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Motorola Hiptop Slide review: Motorola Hiptop Slide

The Hiptop Slide is social networking heaven paired with average standard phone features. This is one for the kids.

Joseph Hanlon Special to CNET News
Joe capitalises on a life-long love of blinking lights and upbeat MIDI soundtracks covering the latest developments in smartphones and tablet computers. When not ruining his eyesight staring at small screens, Joe ruins his eyesight playing video games and watching movies.
Joseph Hanlon
4 min read

Sold in the US as the Sidekick Slide, it's apparently the phone of choice for Hollywood's party girls, Paris and Britney. Now Telstra is bringing the latest Hiptop to Australia's teenage party animals. The third in a growing series of Hiptop phones, the Slide is, as you'd expect, slightly smaller, and slightly lighter than its predecessor, the Hiptop 2. But the single "midnight-blue" colour faceplate option strikes a drab first impression for a market obsessed with colour and bling.


Motorola Hiptop Slide

The Good

Simplified Internet access. Excellent instant messaging including Yahoo and Windows Live. New MySpace application.

The Bad

Tiny keys in QWERTY keypad. Low quality camera. Only one faceplate colour option. Potential to be expensive.

The Bottom Line

Social networking heaven paired with average standard phone features. One for the kids.

A bright 2.4-inch display slides to reveal a QWERTY keypad comprised of annoyingly small keys for users with digits larger than those of the targeted teenage market. Even with tiny, girly fingers, we still predict you'll need your fingernails filed to a sharp point to accurately find the keys you are after without multiple excursions to the backspace key.

The interface is colourful and attractive and easily navigated using the Trackball joystick. This ultra-sensitive trackball did take some getting used to, even after adjusting the trackball movement to its slowest settings. After some practice though, it proved to be a fast and intuitive tool for speeding through the menus.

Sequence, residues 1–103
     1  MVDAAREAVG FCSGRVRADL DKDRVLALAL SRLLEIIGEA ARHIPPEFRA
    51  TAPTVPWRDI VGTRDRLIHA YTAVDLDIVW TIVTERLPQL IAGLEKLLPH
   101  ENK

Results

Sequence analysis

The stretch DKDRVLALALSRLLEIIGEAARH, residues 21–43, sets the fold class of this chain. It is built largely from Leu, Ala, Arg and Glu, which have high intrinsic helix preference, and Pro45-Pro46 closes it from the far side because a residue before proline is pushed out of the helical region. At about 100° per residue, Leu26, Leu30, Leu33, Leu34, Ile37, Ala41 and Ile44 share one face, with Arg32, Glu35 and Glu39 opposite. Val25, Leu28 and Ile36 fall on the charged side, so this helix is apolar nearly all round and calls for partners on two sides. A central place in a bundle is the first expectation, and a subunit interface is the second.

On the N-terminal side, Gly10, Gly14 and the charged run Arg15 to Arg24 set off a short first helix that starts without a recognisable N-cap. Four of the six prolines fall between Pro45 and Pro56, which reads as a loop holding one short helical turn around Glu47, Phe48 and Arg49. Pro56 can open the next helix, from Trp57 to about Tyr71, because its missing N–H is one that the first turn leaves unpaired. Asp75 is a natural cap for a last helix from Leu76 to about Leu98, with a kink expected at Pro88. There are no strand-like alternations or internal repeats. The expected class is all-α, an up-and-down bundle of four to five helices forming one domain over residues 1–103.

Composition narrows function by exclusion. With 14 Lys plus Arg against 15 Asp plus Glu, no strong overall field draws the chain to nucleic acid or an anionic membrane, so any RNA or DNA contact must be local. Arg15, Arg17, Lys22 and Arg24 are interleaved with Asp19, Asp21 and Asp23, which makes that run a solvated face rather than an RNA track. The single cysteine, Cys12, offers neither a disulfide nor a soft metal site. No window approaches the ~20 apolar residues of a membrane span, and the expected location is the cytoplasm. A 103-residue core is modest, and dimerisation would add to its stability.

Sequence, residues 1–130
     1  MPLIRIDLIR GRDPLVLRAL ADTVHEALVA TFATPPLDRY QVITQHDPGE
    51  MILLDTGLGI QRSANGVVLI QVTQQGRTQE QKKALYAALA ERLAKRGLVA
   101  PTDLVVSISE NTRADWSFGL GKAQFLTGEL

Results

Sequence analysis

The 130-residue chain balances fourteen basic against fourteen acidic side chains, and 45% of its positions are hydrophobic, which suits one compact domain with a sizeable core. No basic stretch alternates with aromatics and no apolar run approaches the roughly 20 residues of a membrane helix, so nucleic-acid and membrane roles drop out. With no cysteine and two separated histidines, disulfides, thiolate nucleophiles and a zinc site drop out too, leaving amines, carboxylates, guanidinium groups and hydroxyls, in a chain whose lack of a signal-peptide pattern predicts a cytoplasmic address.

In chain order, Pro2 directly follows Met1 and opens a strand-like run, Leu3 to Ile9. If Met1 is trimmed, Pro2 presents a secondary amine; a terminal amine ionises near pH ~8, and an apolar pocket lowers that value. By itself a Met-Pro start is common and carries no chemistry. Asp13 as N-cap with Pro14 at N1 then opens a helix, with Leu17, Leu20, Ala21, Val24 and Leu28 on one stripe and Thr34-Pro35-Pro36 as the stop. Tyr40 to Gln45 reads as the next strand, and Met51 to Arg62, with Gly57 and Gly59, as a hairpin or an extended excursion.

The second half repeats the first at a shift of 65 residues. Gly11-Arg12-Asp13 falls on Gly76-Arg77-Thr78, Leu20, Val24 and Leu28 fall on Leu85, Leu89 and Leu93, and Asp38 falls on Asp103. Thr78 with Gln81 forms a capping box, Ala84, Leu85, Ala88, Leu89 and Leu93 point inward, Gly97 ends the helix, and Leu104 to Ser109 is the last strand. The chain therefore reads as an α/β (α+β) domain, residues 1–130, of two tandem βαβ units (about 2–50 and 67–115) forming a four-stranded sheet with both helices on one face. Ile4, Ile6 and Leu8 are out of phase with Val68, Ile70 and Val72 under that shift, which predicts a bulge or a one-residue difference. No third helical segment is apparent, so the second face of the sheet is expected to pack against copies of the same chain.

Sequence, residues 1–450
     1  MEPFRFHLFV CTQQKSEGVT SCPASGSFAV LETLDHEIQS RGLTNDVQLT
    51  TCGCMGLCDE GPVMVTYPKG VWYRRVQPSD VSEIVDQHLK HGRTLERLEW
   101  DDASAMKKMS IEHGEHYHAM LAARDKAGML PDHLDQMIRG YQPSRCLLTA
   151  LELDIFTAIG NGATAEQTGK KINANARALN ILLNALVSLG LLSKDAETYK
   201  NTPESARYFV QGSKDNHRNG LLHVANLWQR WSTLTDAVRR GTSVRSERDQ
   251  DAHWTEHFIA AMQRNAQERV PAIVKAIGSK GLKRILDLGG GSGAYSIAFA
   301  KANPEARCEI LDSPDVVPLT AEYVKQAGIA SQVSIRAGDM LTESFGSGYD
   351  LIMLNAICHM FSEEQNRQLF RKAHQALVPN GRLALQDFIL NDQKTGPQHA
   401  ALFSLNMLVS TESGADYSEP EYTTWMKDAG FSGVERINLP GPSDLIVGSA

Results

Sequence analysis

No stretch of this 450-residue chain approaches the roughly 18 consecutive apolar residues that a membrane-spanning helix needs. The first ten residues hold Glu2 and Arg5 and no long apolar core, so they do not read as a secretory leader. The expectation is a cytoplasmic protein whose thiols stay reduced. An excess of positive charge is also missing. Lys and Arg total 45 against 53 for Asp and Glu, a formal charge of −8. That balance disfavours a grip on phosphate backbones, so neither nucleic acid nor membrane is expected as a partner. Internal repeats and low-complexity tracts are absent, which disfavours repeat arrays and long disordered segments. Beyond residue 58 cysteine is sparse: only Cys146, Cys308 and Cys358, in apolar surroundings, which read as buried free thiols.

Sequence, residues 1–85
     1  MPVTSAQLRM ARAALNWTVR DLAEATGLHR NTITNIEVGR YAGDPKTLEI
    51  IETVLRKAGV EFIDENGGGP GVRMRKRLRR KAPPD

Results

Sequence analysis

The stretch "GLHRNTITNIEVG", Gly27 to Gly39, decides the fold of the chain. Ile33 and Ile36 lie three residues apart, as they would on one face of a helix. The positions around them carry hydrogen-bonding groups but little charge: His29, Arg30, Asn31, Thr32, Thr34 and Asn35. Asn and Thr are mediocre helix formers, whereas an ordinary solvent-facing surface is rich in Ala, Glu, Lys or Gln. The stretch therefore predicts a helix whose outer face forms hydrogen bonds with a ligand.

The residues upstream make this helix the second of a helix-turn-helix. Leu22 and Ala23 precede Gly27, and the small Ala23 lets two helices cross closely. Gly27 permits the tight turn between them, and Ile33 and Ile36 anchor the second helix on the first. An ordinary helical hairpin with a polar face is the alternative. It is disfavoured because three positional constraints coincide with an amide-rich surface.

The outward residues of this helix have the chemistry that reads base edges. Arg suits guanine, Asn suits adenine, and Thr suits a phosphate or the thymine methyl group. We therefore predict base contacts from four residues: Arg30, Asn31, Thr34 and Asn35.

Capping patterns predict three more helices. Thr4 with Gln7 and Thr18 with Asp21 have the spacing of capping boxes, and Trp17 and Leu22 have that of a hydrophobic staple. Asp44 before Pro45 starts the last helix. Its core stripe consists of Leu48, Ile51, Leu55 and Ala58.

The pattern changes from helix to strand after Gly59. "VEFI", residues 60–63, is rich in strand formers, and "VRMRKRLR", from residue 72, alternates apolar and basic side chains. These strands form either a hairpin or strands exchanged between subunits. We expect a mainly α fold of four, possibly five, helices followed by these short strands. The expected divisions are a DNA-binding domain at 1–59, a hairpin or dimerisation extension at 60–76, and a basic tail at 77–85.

On first inspection, the Hiptop Slide may seem too large to be carried around comfortably, especially in your pockets. The size is, of coarse, necessary to accommodate the QWERTY keypad and makes sense when held with both hands to type messages. The sliding action feels smooth and solid, with the screen snapping into place when opening or closing.

While at its core the Hiptop Slide is a mobile phone, it's the additional communications abilities that will have the strongest pull to a younger market. Yahoo Messenger and Windows Live Messenger are given dedicated space in the top menu. Standard SMS and MMS functionality is extended with push e-mail. In addition, exclusive carrier Telstra has partnered with MySpace to include a mobile version of the social networking site on this latest Hiptop, though MySpace junkies beware, the service is available for a an additional AU$5 per month subscription fee.

In fact, perhaps a similar warning is pertinent to parents considering the Hiptop for their kids, with a wide range of pricey customisations but a few flicks of the trackball away from curious minds in the BigPond Catalogue menu option. It doesn't seem possible to turn this menu selection off, and we were downloading themes and ringtones in mere moments. A handy feature if you can afford it, but at AU$4 per ringtone, it's a dangerous one if you can't.